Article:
David Panitch: What’s Next: B2B Distributors Acting Like B2C

The lines between retail consumer and business consumer are blurring.

David Panitch is a partner in The Distributor Board, which builds value for distribution companies through expertise in planning, sales, marketing, M&A, organizational development and related disciplines.

One of the challenges we hear over and over again from our distributor clients is the impact that they are feeling from the growth of the Web presence of their large competitors. The gains that major distributors are experiencing in their online business are significant. If you compete against big guys, such as Grainger, Staples, CDW or Amazon; then you cannot help but notice the continued improvement in their websites and online ordering systems.

The lines between retail consumer and business consumer are blurring because the business consumer is expecting experiences that are more personal. Those retail buyers are also wholesale buyers during the day. The major B2B distributors are creating compelling Internet content and experiences that more closely resemble the websites of their B2C counterparts so that their consumer has a better experience.

So, before you put your hands up and surrender to the fact that you will never be able to compete — read on.

What can you do to make your Internet presence meet the needs of the new consumer? First, you have to recognize and understand the needs of your current and future customers. We are fast approaching the point in which most consumers of business related products will have been born with a smart phone in their crib. This makes a huge difference in the communication and interaction preferences of these new consumers, whether they are retail or wholesale-focused.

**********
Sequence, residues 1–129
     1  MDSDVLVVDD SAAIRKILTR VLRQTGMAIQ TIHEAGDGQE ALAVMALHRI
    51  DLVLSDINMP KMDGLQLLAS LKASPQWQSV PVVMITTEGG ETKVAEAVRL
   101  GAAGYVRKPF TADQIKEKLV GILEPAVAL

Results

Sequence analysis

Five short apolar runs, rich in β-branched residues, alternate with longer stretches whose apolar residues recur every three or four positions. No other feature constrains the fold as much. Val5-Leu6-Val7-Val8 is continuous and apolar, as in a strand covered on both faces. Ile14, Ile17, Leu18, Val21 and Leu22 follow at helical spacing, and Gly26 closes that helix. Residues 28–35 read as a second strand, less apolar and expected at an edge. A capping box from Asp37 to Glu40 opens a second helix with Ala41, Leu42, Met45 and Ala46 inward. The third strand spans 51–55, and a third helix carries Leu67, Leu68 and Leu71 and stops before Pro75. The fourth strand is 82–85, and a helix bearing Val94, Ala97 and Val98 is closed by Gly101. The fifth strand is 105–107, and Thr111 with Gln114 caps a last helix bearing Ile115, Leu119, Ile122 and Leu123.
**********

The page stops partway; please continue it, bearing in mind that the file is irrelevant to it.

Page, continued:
While we don’t believe that face-to-face communication will go away in our lifetime, we do see evidence that a significant level of purchasing communication will be done through the Web and smart devices. Let’s quickly list and not dwell on the bad news for distributors:

  1. Investment in different communication avenues can be expensive.
  2. Developing personalized content takes time and effort.
  3. Outside sales forces will become less relevant on a daily basis.
  4. Customers will expect “almost” instant access to customer support services.

Now for the good news:

  1. Building a mobile application may boost sales revenue and customer satisfaction.
  2. Conducting business through the Web is less expensive than traditional avenues.
  3. Allowing customers access to critical business information via their smart phones will differentiate your business today.
  4. A Web-catalog is exponentially cheaper to produce and edit than a print catalog.
  5. There are product configurators that will allow customers to build their own quotes and orders.
  6. Multi-language sites are easier than ever to build and automatically maintain.
  7. Differentiating between current customers and visitors can be translated into the ability to give each consumer a particular eCommerce look and feel.
  8. A strong Web-store can expand a distributor’s geographic reach.

Here are some ideas on how to execute some of these important endeavors.

Mobile applications are all the rage, but not because they are cool, although they are! A recent study by Flurry (December 2012), a San Francisco-based mobile analytics company stated that consumers are spending 127 minutes per day in mobile apps, up 35 percent over last year. At the same time, desktop Web usage declined 2.3 percent to 70 minutes. We don’t think that this is a temporary situation; we believe that the usage trends will continue and have an impact on the B2B market as well.

Marketers, not just mobile marketers, are saying that getting an app onto the real estate of a smart phone has huge value. The CEO of Chicago-based, Appolicious, Karl Stillner said, “Simply having a prominent icon on a home screen provides value.” To get started on the mobile application path, check out these developers: Vokal Interactive, Blue Whale or Mobintegro.